So without a doubt, there's my family - my maternal grandmother is not yet born in 1915 but her old siblings and parents are listed:


They are listed as living on the crossroad between Caroline Depot Road and State Road 1004.  I found Caroline Depot road right away on a current map, but State Road 1004 must be an old name for something because I searched and was unable to locate it.  But they were on one of those crossroads.  Caroline Depot was named this because there was once a railroad line from Ithaca to Owego.  This little road and the depot was about 8 miles southeast of Ithaca.  The depot station and the railroad are both long gone but the name remains.


So in the house at the crossroads, we've got my 38 year old Great-Grandfather William H. Mix and his 28 year old wife Cornelia E. (Akins).  They were married Christmas Day in 1904 - this is a photo I have of Cornelia that says it's from 1904 - maybe it was taken during her engagement?


And now, 10 1/2 years later, they have 6 children (which includes one set of twins). 4 boys - Floyd (age 8), Spencer (age 7), Laurance (age 4) and William (age 56 days).  The twins were 2 year old girls Mazie and Daisy (listed in this census by her birth name Mable).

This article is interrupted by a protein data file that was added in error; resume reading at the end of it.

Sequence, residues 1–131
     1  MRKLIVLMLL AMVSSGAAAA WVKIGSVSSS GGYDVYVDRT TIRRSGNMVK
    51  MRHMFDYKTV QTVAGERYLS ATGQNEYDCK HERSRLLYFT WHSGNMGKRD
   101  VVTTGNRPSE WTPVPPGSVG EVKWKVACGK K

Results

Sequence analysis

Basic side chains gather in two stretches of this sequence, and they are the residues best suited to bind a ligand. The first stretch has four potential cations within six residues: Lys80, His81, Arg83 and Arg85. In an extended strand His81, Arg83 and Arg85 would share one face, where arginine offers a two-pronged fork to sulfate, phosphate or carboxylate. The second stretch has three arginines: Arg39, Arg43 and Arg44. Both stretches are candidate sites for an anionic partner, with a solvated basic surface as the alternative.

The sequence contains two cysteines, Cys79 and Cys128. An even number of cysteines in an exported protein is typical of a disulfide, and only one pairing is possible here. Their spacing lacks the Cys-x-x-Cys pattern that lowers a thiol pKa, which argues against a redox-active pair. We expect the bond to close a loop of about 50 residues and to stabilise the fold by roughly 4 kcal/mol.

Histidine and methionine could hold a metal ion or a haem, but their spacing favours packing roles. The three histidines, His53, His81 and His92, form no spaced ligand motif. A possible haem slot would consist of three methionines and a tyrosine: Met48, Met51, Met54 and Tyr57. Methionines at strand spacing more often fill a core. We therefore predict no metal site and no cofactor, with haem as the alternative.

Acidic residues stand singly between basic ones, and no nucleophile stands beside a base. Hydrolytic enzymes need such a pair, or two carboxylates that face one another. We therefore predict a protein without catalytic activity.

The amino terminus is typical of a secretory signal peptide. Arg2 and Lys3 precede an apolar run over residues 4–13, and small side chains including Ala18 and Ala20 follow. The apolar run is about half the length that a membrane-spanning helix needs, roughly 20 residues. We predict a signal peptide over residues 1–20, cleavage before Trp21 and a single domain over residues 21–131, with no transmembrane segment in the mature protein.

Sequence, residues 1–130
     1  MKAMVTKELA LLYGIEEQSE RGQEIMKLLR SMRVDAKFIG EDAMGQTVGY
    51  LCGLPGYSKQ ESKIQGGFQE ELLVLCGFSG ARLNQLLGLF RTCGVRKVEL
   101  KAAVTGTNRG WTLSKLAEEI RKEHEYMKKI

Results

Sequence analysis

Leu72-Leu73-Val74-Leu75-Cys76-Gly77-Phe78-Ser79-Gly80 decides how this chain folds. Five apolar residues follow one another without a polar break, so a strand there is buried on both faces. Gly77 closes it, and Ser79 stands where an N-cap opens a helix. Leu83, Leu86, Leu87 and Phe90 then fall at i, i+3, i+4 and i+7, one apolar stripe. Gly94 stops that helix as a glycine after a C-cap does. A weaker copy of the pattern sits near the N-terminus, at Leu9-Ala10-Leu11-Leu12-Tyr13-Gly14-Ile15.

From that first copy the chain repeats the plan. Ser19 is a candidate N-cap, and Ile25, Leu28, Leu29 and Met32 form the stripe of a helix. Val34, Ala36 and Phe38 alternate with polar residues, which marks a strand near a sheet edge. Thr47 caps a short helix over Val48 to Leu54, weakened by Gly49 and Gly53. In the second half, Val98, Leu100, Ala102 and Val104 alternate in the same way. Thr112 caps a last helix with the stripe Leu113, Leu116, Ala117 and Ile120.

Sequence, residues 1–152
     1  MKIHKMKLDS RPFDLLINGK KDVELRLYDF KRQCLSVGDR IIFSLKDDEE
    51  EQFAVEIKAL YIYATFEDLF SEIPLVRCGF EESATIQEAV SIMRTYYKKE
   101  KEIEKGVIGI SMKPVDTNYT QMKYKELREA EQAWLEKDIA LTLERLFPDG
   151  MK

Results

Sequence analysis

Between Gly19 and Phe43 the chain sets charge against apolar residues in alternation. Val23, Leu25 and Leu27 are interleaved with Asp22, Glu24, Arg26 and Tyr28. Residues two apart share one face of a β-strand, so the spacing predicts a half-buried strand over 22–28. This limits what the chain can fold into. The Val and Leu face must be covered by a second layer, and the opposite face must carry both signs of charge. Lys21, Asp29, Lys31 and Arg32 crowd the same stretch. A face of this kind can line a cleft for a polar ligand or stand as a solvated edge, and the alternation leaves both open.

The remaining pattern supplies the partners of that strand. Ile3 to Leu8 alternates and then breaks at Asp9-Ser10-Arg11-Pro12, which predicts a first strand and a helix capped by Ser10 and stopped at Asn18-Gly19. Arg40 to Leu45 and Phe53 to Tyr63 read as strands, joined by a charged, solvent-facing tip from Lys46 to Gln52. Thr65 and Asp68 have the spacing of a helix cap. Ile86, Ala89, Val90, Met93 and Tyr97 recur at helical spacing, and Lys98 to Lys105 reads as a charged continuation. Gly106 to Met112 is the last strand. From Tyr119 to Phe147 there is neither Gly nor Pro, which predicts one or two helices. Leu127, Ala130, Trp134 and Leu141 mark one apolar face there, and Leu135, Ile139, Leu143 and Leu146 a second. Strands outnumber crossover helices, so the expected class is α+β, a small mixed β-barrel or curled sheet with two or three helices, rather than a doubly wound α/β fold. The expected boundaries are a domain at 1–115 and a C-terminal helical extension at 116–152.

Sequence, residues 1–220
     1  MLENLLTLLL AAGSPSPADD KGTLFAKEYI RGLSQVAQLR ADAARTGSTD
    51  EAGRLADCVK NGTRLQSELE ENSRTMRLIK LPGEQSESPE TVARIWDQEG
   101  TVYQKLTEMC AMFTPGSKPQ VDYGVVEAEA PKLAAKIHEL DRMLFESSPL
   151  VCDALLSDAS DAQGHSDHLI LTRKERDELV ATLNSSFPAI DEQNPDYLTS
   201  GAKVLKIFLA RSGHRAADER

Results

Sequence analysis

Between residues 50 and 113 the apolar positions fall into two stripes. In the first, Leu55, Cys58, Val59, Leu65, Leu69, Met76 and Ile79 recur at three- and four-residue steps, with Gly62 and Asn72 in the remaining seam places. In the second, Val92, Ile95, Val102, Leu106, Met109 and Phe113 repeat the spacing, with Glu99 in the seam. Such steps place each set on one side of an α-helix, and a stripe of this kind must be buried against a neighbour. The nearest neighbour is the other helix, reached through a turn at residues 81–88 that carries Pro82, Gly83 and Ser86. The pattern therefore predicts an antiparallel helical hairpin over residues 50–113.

That must have been a boisterous household!!  At least the 3 oldest boys went off to school during the day!

I found a photo of Cornelia with the twins were they were just babies in 1913:






So in 1915 those little girls are now in their terrible two's and there's also a 2 month old baby to care for - YIKES!

William's occupation is listed as "Farmer" which is what he did all his life - I don't know that he ever owned his own land, as far as I know he always farmed for others, or worked as an itinerant farm laborer once the economy got bad in the 1930s.  The family moved A LOT - following the work.  I have a list that my Great-Grandmother kept of all the places they lived and at which houses the kids were born in.  Cornelia was wonderful for keeping lists of all kinds of things - birth/death dates, addresses, etc.

For when this census was taken - June of 1915 - this corresponds to when Cornelia's list says they were living at the "Bates Pl." which means the home of Mr. and Mrs. Bates.  So it was Mr. Bates land that they were farming.  She also lists her son William as being born at that house.





They lived at this house listed in the census from 01 March 1915 through 01 April 1916 when they moved on to another farm.

And so that completes my analysis of the state census I found!  Maybe I'll come across an old map that shows the State Road 1004 or the name of Bates on farm land.  We'll see!